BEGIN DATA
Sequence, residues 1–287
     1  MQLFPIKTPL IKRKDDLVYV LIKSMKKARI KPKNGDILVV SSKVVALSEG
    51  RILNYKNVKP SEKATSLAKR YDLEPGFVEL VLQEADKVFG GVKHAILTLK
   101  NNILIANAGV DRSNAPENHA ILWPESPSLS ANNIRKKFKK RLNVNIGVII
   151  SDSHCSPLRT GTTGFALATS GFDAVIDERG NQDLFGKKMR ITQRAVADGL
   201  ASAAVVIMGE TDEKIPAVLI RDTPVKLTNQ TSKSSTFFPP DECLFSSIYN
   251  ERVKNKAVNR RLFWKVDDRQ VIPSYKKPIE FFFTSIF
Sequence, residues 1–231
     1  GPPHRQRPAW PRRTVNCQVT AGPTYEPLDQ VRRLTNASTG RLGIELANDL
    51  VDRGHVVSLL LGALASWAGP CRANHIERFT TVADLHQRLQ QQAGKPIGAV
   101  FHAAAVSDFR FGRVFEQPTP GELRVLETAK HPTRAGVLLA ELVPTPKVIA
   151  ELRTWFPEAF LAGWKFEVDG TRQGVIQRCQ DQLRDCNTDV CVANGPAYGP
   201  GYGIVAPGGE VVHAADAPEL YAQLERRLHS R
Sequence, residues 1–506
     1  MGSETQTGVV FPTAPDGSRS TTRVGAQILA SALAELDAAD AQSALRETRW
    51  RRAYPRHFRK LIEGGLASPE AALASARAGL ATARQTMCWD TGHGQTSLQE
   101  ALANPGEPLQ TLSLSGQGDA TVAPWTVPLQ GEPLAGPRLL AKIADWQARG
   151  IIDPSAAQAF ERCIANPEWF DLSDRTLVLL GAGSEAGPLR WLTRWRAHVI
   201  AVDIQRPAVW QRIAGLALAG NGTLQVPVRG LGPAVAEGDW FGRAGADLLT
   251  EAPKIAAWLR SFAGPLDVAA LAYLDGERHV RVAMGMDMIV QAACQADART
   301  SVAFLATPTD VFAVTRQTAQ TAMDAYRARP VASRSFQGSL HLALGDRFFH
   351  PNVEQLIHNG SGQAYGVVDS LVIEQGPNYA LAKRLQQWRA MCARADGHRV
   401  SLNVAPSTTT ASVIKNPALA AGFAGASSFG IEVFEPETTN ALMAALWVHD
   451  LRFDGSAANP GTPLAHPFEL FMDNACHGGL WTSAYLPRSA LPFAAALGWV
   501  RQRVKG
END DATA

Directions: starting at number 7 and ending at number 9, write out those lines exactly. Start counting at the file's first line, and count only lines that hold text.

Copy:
   251  ERVKNKAVNR RLFWKVDDRQ VIPSYKKPIE FFFTSIF
Sequence, residues 1–231
     1  GPPHRQRPAW PRRTVNCQVT AGPTYEPLDQ VRRLTNASTG RLGIELANDL